Sense pleasure comes from gratified physical appetites.
There is a different order of pleasure -- intellectual, spiritual or aesthetic -- that comes from gratified higher appetites. He says these are closely related to joy but not quite the same thing, because joy can exist without even these and in fact MUST exist somewhat independently of these in order to be true, not contingent happiness.
So, to contrast sense pleasure with joy:
Sense pleasures are localized; they affect a particular area of the body (like chocolate gratifies the taste buds). Joy is generalized. It is compatible with physical and sometimes even emotional suffering (I know from experience, from feeling joy even while I was going through lots of discomfort and heartache with Aidan in his worse moments in the hospital. Though I do remember the joy having something of a sensory focal point in a latte I got with my husband at Border's one bleak time, so maybe it's possible for taste in the right circumstances to be associated with something more generalized?).
Pleasures need a specific material, sensory stimulus. Joy arises from intellectually appreciated stimuli or from immaterial reality itself. Joy may be triggered by something perceived through the senses, like music or natural beauty, but the joy does not fade with the stimulus fading -- it is retained in the mind or spirit.
Pleasures are limited in duration and can easily be over-extended. CS Lewis talks about this in Screwtape Letters, saying that sense pleasures seem to come with an impulse to be overdone, which results in bad effects -- disgust, diminishing returns, over-indulgence, even illness. Whereas joy is durable and the highest joy is illimitable, bigger than we are ourselves, and does not lead to bodily illness or degradation.
Pleasures can be taken away. Aristotle points this out -- natural goods, even the higher ones like health and good reputation, can be wrenched away at a moment's notice. Joy can't be wrested from us against our will.
Sense pleasures ARE good -- it is our nature, not theirs in themselves, to use them in a distorted way. It's good to remember when reading about a saint who scorns something obviously good in itself, like, say, whiskey or mocha cheesecake, that the saint is not targeting the thing itself but his own reaction to it, which is hindering his desire for true excellence. Proper asceticism is strictly speaking "athletic training" -- something that helps us bring our bodies under the control of our will and reason. Just as slacking would lessen one's athletic potential, so focus on sensory appetites diminish our human potential to go beyond material things. Sense pleasures, thus, have a tendency in us humans to fix us in temporality -- to make us concentrate on the gratification. Whereas joy tends to fix us more towards eternity and timelessness -- to put it in secular psychological terms it relates to what Mihaly Csikszentmihalyi calls "flow".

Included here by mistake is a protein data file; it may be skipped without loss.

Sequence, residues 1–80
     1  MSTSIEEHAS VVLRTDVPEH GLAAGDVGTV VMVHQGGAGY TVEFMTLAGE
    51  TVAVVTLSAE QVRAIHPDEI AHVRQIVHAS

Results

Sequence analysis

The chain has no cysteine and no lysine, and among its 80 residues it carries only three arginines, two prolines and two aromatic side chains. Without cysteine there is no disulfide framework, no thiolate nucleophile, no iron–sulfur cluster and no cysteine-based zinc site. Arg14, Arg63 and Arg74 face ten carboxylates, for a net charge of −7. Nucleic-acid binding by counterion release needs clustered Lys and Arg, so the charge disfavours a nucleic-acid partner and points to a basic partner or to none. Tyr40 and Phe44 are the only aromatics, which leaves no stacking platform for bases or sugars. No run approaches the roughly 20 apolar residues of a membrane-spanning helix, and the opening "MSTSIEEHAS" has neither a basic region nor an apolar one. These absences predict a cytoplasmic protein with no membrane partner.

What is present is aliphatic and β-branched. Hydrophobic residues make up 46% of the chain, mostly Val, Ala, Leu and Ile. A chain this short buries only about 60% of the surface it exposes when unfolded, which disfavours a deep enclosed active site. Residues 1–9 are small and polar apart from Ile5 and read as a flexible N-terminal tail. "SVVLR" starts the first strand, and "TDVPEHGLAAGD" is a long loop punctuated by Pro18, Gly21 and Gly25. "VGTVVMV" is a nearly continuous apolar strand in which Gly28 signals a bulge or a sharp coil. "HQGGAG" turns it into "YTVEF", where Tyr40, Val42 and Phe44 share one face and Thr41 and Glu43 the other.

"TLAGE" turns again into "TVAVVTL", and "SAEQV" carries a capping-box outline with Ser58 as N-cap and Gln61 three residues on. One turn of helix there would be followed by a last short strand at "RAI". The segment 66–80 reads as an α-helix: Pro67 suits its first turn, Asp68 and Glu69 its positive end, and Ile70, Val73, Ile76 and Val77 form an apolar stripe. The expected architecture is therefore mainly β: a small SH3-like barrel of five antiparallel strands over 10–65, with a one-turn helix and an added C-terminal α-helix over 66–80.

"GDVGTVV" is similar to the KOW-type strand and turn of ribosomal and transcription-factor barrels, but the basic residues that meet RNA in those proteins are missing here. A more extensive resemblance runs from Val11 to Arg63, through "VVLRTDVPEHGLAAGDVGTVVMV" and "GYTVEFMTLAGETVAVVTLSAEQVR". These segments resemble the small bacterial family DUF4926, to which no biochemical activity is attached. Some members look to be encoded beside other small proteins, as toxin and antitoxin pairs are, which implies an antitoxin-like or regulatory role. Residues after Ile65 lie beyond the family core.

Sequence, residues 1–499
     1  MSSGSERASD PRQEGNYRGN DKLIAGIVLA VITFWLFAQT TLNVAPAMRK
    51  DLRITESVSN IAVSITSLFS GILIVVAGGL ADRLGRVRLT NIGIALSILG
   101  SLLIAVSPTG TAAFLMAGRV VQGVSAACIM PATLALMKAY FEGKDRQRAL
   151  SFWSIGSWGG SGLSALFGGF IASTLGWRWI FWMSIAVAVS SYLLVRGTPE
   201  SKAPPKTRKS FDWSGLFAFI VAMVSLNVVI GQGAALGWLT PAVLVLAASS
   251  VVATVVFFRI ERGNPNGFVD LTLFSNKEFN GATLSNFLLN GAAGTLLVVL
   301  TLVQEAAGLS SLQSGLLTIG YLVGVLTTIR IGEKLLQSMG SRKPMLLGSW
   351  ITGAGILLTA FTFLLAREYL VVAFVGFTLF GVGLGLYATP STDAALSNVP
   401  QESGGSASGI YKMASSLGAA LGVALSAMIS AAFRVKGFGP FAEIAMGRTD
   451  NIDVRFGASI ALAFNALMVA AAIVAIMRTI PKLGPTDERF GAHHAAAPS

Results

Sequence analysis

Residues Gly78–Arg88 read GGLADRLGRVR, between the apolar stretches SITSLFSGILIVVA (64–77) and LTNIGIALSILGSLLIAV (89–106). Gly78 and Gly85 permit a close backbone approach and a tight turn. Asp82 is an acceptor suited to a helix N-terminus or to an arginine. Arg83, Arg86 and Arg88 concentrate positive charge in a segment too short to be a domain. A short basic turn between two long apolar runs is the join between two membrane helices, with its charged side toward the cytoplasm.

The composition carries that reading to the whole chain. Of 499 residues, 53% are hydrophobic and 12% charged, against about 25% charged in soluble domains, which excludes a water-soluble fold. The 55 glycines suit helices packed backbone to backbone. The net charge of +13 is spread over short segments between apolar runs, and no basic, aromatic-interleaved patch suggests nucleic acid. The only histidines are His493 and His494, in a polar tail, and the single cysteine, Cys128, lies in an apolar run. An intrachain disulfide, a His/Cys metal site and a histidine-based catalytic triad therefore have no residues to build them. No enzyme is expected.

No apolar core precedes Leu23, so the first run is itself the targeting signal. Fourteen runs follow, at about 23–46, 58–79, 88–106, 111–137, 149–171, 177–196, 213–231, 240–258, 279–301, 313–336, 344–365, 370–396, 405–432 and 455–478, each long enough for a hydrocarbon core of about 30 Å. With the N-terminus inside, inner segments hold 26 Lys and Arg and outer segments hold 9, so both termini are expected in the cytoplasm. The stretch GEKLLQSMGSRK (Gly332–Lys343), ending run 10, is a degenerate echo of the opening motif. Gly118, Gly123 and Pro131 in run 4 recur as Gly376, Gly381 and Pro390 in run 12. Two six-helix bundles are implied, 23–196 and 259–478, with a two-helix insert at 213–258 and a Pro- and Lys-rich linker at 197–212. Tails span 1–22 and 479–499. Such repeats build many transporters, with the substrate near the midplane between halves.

He writes a lot more about joy and the Christian life but this is probably enough for now. I do think it's important to remember, however, that voluntary poverty has intrinsic joy simply because humans, by their nature, want happiness to be:
- Securely in our possession
It strikes me, though he does not say it, that pleasure has a wholly subjective aspect while joy, though subjectively experienced, has an objective quality. It is to do with something that would be good even if I didn't happen to exist to experience it. I realized this very strongly as a teenager, living in a subjectively oriented world and craving something outside of that, something that mattered of itself, not just through my incidental sensory connection with it.
Plus, and this part I am thinking out myself based on what he's said in other parts of the book, there is an element of loyalty and affection in joy that does not exist in sense pleasure. When you think of it, most "joys" -- response to beauty or intellectual realization or affection for a dear one -- are connected to a recognition of relationship, of connection. Whereas sense pleasure is almost inevitably self-centered (with some qualifications, like when we are enjoying a celebration or feast and having delightful food in that context, etc). Or at least when it's disordered, it's invariably self-centered, I think. Humans are ordered towards true communion, which is why both romantic love and sociability are so important to them, and can become distorted if they are over-prioritized.
Our priest today said something to the effect that love and compassion only exist as they are shared. This is one reason why God has to be a Trinity, you see. But it's also the reason why peoples' sincerity of love is measured by sharing. Not only sharing our worldly goods, but choosing to share in something Our Lord and Redeemer freely chose -- to give up wealth and self-will, to choose poverty and obedience not for themselves but for the sake of others. When we're married to someone or born into their family we share their fortunes freely -- "for better or for worse, in sickness and in health". The limitations don't measure up against our love. It is a natural truth and at the same time a "type" of a supernatural truth. When we truly care about others we feel tied to their fortunes in some way. It is a pleasure, or rather a joy, really, to participate in Our Lord's free poverty. That is something to be always kept in mind when thinking of poverty. It's a negative in a way but one of those negatives that cast the positive into clearcut relief.